By WILLIAM TRIPLETT in Washington
An op-ed in today’s Wall Street Journal is either brilliant satire (New Yorker cover artists, take note) or the most breathtakingly silly form of wish-fulfillment one is ever likely to find in those otherwise august pages.
The author – Andrew Klavan, an award-winning mystery writer, according to his bio – asserts that the latest Batman installment, “The Dark Knight,” is “at some level a paean of praise to the fortitude and moral courage that has been shown by George W. Bush in this time of terror and war.
“Like W, Batman is vilified and despised for confronting terrorists in the only terms they understand. Like W, Batman sometimes has to push the boundaries of civil rights to deal with an emergency, certain that he will re-establish those boundaries when the emergency is past.
“And like W, Batman understands that there is no moral equivalence between a free society -- in which people sometimes make the wrong choices -- and a criminal sect bent on destruction…’The Dark Knight,’ then, is a conservative movie about the war on terror.”
Well, that’s one way to look at what is just another incarnation of an established – some might say “clichéd” – genre of filmmaking known as revenge fantasy. Think of the 1970s “Dirty Harry” flicks, which were hardly original on the only-the-alientated-antihero-taking-law-into-his-own-hands-can-save-us theme, if you want an idea of how old this kind of thing is.
Revenge fantasy has always had a lurid appeal for the right wing: Call it personal responsibility in extremis. Which, by itself, isn’t a bad thing. The problem has to do with the fantasy part: Real-life vigilantes aren’t ever so successful in limiting their violence only to the deserving, and rarely is the problem ever truly resolved except in their own minds.
The reality is that real life is never so simple as revenge fantasies would like it to be. Klavan disagrees, of course, alleging that “Leftists frequently complain that right-wing morality is simplistic. Morality is relative, they say; nuanced, complex. They're wrong, of course, even on their own terms.”
The Left has its problems – like often refusing to acknowledge when the right is right – but Klavan is putting up what lawyers and debaters call a “straw man” argument. What leftist with any brains has ever said morality is relative? Unsentimental leftists will only argue that morality isn’t as neat, tidy or, yes, simple as the far right thinks it is.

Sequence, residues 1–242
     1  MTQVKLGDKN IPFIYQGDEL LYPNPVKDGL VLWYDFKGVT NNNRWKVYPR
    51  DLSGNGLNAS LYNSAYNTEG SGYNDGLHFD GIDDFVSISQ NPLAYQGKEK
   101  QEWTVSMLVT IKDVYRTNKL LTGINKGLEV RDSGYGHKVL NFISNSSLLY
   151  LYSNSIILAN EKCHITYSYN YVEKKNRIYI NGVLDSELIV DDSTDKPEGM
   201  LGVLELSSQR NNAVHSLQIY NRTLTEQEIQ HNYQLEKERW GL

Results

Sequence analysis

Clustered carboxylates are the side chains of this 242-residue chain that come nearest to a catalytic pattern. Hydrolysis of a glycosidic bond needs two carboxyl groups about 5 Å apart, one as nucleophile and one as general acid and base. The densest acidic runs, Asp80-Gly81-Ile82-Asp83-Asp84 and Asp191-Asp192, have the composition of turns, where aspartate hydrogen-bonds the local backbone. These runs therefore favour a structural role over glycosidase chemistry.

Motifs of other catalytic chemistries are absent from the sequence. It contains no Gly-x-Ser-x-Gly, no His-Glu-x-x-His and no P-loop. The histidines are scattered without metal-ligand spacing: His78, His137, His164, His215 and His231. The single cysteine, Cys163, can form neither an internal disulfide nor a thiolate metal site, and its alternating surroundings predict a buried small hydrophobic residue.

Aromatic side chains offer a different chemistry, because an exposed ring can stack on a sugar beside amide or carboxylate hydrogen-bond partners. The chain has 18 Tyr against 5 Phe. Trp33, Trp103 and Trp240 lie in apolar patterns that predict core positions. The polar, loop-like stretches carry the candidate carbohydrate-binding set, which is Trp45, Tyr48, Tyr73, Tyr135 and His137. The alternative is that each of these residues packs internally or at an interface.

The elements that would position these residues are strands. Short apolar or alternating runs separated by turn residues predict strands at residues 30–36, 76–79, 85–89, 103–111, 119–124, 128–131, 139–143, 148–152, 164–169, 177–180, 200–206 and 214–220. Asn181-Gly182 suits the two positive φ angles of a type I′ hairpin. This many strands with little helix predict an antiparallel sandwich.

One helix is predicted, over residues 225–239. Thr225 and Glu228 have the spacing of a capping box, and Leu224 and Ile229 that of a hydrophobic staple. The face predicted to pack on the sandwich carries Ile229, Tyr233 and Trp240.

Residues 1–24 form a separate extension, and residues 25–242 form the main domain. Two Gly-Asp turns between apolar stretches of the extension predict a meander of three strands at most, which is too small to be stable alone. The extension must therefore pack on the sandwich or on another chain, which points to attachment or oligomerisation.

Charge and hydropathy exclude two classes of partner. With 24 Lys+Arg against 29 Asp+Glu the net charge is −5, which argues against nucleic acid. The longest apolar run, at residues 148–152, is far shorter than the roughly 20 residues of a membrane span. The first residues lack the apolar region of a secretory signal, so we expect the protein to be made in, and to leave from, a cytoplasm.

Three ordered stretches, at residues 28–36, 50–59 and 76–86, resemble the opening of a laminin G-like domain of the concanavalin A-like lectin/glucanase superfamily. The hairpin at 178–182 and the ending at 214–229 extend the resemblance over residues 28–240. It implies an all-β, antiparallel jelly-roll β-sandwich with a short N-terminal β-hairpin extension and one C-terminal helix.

True enough, as Klavan says, “All Americans know that freedom is better than slavery, that love is better than hate, kindness better than cruelty, tolerance better than bigotry.” But not all Americans – conservatives among them – agree that stretching laws and selectively using facts to justify a war (um, the one in Iraq) that could not be justified on its original terms are even effective ways, much less morally acceptable ones, to defend those values. And believing there are better ways hardly makes them moral relativists.
Like Batman, W has had to do morally questionable things to defend our values, and, because of that, the country is angry at him, Klavan lectures and concludes. Presumably also like W, Batman took an unconscionable amount of time to respond to a natural disaster of immediately epic proportions, stood by as Gotham’s economy went down the toilet, disdained any attempt to question his judgment and kept telling the citizenry that his war was succeeding when it wasn’t.
“That’s real moral complexity,” Klavan writes without the slightest trace of irony, which is usually in short supply in revenge fantasies. The real irony? “The Dark Knight” does indeed traffic in moral ambivalence, but George Bush has never even acknowledged that such a thing exists.
Like most art, movies are Rorschachs – your response to it can say more about you than anything else. Klavan’s response, if it is to be believed, seems a desperate attempt to fit his idea of the Iraq war into a narrative that validates his wish for what he wants or needs that conflict and its prosecutors to represent.
George Bush, the Misunderstood Dark Knight. As satire, you can’t beat it.